Did they spin those out and sell those assets or keep them in the portfolio?
They kept them as part of the portfolio. The development money spent and the projects that were developed, within Crowcon, to move forward, simply neglected that area. These are areas where you need very high integrity adhering to SIL2 regulations, primarily aimed at the oil and gas industry which has a very demanding requirement for safety integrity. That part of the market is price competitive, particularly the initial project development.
When you win a project, the price margin point can be quite low. The business model that people follow tends to be that they would take a contract at an initially low margin, but the additional pieces, which inevitably come from a project like that, are where they make their money. There are organizations which are better structured to do that than Crowcon would be able to under Halma, who are very demanding of the margin point at the original point of sale. They are not as comfortable making up the difference speculatively as they go through the project. That part did not fit with the Halma model and was allowed to die naturally within Crowcon.
Which is seen as a failed acquisition by Halma, in hindsight?
Yes, it is. Halma look to acquire businesses where they can invest time, money and expertise and grow the business rapidly; their aim is more than 10% annual profit growth. If you find the right technology with the right markets, you can do that, but if you get it wrong, obviously it is much harder. That example of Detection Instruments within Crowcon would be one of Halma getting it wrong. There was never the potential to make that kind of growth.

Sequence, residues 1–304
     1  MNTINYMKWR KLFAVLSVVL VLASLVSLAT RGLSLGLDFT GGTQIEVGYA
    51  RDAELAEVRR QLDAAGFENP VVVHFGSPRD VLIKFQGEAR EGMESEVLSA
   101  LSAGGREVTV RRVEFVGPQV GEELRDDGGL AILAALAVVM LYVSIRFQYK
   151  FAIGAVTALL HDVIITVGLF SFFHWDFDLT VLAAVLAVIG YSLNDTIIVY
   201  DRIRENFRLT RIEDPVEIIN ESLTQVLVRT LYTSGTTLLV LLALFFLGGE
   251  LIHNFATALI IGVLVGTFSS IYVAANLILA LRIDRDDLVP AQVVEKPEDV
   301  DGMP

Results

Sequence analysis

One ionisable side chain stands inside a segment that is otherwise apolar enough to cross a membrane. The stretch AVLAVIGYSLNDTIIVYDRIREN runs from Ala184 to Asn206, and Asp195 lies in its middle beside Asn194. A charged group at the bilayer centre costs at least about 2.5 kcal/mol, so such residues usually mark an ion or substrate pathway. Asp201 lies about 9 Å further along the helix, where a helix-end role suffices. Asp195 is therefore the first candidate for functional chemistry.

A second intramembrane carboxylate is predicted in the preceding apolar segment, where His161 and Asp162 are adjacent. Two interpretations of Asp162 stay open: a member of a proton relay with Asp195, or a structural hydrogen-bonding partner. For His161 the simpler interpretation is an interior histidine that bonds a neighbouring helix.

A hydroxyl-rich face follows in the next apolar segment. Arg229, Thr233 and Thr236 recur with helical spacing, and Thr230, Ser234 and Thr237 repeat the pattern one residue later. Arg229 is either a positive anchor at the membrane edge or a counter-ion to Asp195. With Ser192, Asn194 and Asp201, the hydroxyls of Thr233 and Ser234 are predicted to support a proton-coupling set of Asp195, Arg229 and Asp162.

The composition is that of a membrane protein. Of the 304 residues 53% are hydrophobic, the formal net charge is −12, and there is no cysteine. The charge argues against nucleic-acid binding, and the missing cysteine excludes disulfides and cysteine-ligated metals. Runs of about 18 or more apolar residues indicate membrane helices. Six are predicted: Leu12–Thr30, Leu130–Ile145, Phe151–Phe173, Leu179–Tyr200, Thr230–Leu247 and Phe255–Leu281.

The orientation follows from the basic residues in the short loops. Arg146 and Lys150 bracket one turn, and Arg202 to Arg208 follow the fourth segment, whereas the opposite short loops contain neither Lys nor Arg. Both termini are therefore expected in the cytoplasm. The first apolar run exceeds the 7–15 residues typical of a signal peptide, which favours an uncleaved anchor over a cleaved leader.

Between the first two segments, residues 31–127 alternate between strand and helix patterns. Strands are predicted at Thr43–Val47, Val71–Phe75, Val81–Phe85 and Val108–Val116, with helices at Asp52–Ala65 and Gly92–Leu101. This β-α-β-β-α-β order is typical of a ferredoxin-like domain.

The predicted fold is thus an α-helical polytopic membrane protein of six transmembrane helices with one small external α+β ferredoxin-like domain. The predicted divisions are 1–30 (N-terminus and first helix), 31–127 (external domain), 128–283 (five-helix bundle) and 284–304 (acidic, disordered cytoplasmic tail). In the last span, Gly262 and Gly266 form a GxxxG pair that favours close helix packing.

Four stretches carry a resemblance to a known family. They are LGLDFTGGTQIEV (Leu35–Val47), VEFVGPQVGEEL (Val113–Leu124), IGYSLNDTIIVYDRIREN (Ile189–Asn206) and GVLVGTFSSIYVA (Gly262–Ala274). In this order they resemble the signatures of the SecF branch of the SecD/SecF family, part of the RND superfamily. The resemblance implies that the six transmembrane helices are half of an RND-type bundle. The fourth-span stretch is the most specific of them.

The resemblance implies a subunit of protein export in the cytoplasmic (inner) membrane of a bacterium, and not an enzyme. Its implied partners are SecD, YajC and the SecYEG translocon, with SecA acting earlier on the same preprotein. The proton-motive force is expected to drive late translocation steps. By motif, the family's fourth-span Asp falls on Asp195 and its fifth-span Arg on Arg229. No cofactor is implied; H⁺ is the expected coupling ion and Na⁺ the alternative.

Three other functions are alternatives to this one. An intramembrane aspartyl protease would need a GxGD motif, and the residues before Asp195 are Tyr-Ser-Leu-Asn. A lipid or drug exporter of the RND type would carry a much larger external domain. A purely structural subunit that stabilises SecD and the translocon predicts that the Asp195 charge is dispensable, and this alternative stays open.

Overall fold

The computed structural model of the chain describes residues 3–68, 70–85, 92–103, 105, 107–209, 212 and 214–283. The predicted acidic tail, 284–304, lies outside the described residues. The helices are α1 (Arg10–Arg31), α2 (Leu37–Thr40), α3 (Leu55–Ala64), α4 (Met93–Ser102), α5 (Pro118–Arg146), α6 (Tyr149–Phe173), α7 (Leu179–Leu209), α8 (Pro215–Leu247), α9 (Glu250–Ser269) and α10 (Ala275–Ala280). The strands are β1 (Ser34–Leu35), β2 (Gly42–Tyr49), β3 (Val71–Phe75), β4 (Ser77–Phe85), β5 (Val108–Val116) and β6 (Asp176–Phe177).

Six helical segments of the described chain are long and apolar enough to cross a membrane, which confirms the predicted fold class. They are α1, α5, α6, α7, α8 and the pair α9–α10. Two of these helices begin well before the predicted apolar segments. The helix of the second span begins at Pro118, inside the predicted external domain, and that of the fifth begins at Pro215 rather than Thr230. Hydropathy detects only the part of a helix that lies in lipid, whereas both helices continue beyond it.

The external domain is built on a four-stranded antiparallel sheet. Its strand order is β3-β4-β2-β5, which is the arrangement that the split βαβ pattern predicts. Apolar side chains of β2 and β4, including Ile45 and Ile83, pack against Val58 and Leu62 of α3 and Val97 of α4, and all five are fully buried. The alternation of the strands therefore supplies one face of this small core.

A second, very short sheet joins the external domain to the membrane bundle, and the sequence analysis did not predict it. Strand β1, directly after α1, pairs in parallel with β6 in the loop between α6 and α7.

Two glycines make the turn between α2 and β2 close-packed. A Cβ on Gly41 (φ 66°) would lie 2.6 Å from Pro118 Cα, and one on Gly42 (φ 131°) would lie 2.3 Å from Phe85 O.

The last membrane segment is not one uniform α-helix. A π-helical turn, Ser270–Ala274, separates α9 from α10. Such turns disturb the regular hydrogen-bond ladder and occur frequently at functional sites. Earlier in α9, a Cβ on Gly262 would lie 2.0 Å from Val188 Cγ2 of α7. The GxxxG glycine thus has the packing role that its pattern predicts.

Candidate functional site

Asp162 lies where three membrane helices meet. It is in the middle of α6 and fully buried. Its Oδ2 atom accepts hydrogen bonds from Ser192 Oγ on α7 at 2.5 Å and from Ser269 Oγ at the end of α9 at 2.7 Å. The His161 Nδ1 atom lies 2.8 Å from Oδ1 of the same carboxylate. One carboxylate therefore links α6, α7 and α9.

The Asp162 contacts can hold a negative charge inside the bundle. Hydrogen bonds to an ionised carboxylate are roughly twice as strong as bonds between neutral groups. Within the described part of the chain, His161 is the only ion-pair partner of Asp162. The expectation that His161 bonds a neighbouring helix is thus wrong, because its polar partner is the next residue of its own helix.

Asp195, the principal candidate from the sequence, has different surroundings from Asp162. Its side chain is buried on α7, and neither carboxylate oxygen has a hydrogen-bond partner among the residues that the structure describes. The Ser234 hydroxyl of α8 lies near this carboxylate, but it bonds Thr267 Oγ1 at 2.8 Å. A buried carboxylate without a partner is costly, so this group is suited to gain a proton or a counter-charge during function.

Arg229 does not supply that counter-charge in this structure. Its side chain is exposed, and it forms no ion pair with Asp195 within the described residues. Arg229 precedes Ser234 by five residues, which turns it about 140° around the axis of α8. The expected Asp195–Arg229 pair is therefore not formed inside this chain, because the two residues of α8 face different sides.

Could you describe the portable gas detectors which Crowcon offer?
Portable gas detectors typically come in two formats. They are either what we would call a single gas detector, which is a device which is worn and will detect a single type of gas. That might be an explosive gas like methane, hydrogen sulfide – which is toxic – or oxygen or a multitude of other variants. The point being that it is a single sensor device. Then there are multi-sensor devices, in which a combination of sensors are put together. The most common of those is a device which has flammable gas, oxygen, hydrogen sulfide and carbon monoxide sensors. They are colloquially known in the industry as a 4-gas, and are the staple device for use in confined space entry and underground working. That device is an industry standard combination.